Landscape variation in phosphorus concentration and effects on detritus-based tropical streams
Limnol. Oceanogr., 47(1), 2002, 278-289 | DOI: 10.4319/lo.2002.47.1.0278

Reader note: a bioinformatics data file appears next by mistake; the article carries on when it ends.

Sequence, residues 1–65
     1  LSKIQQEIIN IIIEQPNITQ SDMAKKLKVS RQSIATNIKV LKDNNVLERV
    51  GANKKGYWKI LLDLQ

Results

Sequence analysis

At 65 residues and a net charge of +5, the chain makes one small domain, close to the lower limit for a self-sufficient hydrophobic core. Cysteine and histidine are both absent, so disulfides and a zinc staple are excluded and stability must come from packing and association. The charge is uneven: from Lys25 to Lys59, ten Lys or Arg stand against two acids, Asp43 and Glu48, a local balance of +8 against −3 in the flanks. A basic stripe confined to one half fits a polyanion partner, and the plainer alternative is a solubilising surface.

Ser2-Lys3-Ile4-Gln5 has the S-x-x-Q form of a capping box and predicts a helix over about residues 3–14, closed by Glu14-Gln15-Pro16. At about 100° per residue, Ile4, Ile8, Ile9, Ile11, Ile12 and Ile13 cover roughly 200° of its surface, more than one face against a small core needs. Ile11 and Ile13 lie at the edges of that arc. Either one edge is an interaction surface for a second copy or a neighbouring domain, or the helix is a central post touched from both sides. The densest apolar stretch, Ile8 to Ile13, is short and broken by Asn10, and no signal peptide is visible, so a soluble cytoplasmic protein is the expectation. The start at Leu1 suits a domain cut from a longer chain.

ABSTRACT: Landscape-scale variation in streamwater phosphorus (P) concentration can affect aquatic food webs. Such variation occurs naturally in streams at La Selva Biological Station in Costa Rica due to spatially variable inputs of geothermally modified groundwater. We examined effects of this gradient on detrital food web components at 16 stream sites. The Michaelis-Menten model provided a good fit of the relationship between soluble reactive phosphorus (SRP) and leaf decay rate, fungal biomass, and invertebrate biomass, indicating that these variables were controlled by P concentration and that half-saturation constants were relatively low (7-13 µg L-21 SRP). In a subsequent short-term (3 week) whole-stream P enrichment study, we found no effect of P addition on leaf decay rate or on biomass or density of invertebrates. However, laboratory tests of P, N, and Ca concentrations on mass loss of leaves showed detectable stimulation by both N and P after 3 weeks. A fourth study assessed the relative contribution of invertebrate consumption versus P concentration in determining decay rates among streams. The majority of variation was due to P concentration (71%), compared to effects of invertebrates (3%) or invertebrate X P interactions (14%). Overall, we found that a landscape-scale natural gradient in P concentration influenced decay rates of organic matter and biomass of consumers, providing evidence that benthic detrital food webs can be limited from the bottom up by nutrients. Microbial processes appeared to be most important in driving differences in organic matter decay among sites, but invertebrates also contributed to elevated decay rates at high-P sites.